On December 5, 2022, the parties reported to the trial court that they were unable to come to an agreement regarding sentencing. After reviewing the PSI, the trial court, making note of the aggravating and mitigating sentencing considerations as set forth in La. C. Cr. P. Art. 894.1, noted Modisette's extensive criminal history and that he was a fifth felony offender. His previous offenses include, but are not limited to, assault with a deadly weapon, larceny, carrying a firearm during a drug trafficking offense, and possession with intent to distribute cocaine. The trial court also discussed his educational and family history, noting that he has three children. The court noted that the bank fraud statute carries a potential prison sentence, with or without hard labor, for not more than ten years, and a potential fine of not more than one hundred thousand dollars.
After considering all relevant sentencing factors, the court then sentenced Modisette to five years at hard labor, with credit for time served, noting that this is the middle of the sentencing range for this offense. The trial court further recommended that any programs regarding drug treatment available through the Department of Corrections be made available to him. Modisette filed a motion to reconsider on January 6, 2023, which was denied by the trial court. This appeal followed, with Modisette raising only one assignment of error, that his midrange sentence was excessive.
Modisette contends that prior to his guilty plea, he and the State had contemplated a guilty plea with a one-year sentence, suspended, and drug court as probation. Modisette asserts that because the State did not question the appropriateness of a one-year sentence, the one-year sentence is appropriate here. He argues that although the five years is the midrange of the possible ten-year sentence on this charge, it is excessive because of mitigating factors, specifically his need and desire for drug treatment. He states that the trial court failed to sufficiently consider mitigating factors, including that he pled guilty with an agreement to go to drug court. He argues that the court instead focused on his criminal history but notes that this crime was not one of violence and no dangerous weapon was used.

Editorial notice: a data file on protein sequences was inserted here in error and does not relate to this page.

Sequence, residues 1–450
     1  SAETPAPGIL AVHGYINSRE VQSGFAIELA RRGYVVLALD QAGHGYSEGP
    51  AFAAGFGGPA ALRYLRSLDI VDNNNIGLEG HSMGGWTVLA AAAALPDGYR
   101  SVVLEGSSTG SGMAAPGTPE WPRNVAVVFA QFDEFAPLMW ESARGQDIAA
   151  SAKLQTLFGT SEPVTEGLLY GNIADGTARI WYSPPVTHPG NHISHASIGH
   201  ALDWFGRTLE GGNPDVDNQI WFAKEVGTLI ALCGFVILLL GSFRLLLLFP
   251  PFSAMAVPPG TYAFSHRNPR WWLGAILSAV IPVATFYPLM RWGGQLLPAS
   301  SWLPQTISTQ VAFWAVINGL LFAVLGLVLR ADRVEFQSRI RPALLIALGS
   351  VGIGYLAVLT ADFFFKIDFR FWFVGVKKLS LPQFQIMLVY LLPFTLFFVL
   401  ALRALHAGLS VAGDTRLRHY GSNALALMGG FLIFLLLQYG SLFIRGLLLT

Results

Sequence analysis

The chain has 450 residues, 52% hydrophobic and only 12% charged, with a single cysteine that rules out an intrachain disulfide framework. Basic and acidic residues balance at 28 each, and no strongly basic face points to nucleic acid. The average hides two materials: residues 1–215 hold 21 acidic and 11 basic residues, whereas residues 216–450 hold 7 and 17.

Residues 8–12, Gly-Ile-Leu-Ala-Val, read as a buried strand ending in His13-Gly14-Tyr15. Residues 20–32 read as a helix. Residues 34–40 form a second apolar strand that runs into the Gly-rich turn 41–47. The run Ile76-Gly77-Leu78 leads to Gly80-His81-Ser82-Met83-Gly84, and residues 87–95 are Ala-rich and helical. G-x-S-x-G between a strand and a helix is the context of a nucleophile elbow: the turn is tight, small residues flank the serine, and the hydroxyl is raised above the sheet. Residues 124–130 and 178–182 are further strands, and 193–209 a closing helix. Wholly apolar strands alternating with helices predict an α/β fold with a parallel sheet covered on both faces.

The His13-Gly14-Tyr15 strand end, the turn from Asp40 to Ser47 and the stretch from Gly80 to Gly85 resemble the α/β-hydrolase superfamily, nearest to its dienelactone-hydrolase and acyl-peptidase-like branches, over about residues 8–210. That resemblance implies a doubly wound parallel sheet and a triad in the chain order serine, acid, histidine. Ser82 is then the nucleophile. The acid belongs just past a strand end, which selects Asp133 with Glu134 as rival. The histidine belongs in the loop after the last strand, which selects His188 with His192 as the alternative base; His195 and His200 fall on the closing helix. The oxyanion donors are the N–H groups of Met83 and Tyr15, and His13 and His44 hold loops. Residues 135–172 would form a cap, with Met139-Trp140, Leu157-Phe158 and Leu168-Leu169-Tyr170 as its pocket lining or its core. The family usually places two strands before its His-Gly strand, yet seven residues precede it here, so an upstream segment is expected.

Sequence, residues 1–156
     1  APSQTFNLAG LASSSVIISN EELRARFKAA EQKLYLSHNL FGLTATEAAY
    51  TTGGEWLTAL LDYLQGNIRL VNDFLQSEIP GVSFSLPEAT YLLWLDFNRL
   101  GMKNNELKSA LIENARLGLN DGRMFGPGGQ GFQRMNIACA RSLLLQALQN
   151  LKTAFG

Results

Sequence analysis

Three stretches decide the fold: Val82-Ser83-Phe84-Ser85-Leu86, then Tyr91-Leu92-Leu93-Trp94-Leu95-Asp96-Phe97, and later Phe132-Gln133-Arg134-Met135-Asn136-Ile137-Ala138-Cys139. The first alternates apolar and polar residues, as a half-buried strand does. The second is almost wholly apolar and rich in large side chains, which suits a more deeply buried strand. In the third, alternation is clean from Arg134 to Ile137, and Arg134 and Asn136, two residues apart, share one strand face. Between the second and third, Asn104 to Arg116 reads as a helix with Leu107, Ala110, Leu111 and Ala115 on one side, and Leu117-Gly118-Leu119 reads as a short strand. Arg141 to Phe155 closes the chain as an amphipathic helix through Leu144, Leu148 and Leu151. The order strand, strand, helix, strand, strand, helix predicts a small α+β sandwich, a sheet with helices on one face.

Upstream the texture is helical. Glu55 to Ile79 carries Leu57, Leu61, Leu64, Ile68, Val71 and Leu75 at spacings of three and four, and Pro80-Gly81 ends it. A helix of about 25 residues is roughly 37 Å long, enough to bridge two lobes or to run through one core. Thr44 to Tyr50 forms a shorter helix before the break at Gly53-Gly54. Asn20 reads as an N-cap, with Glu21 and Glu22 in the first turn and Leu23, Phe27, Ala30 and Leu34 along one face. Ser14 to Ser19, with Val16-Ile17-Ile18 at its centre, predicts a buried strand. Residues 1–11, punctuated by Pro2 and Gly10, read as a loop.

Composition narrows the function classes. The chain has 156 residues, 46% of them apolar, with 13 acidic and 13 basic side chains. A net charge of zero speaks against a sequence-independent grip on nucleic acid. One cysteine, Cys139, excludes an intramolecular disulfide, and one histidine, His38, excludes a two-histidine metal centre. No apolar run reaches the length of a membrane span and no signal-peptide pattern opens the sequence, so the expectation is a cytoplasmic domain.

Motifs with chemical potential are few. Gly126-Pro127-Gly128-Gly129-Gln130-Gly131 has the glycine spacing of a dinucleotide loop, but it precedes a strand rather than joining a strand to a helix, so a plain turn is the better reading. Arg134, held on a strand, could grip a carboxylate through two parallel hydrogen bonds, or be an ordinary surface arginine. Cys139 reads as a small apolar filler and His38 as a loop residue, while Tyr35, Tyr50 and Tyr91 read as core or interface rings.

The State argues that the trial court more than adequately considered Article 894.1 and particularized the sentence to him, specifically noting that Modisette was a fifth felony offender. The State contends there was no abuse of discretion in imposing the midrange sentence by the trial court. The court referenced the PSI and noted Modisette's criminal history, personal life, background, education, employment, and family history, indicating a contemplative review by the trial court of all relevant information for consideration in imposing its sentence.
An excessive sentence claim is reviewed by examining whether the trial court adequately considered the guidelines established in La. C. Cr. P. art. 894.1, and whether the sentence is constitutionally excessive. State v. Dowles, 54483 (La. App. 2 Cir. 5/25/22), 339 So. 3d 749; State v. Vanhorn, 52,583 (La. App. 2 Cir. 4/10/19), 268 So. 3d 357, writ denied, 19-00745 (La. 11/19/19), 282 So. 3d 1065. First, the record must show that the trial court took cognizance of the criteria set forth in La. C. Cr. P. art. 894.1. The articulation of the factual basis for a sentence is the goal of La. C. Cr. P. art. 894.1, not rigid or mechanical compliance with its provisions. The trial court is not required to list every aggravating or mitigating circumstance, so long as the record reflects that it adequately considered the guidelines of the article. State v. Smith, 433 So. 2d 688 (La. 1983); State v. Croskey, 53,505 (La. App. 2 Cir. 5/20/20), 296 So. 3d 1151. The important elements which should be considered are the defendant's personal history (age, family ties, marital status, health, and employment record), prior criminal record, seriousness of offense, and the likelihood of rehabilitation. State v. Jones, 398 So. 2d 1049 (La. 1981); Dowles, supra. There is no requirement that specific matters be given any particular weight at sentencing. Dowles, supra. The record clearly indicates the trial court took each of these elements into consideration in reaching its final decision on sentencing for Modisette.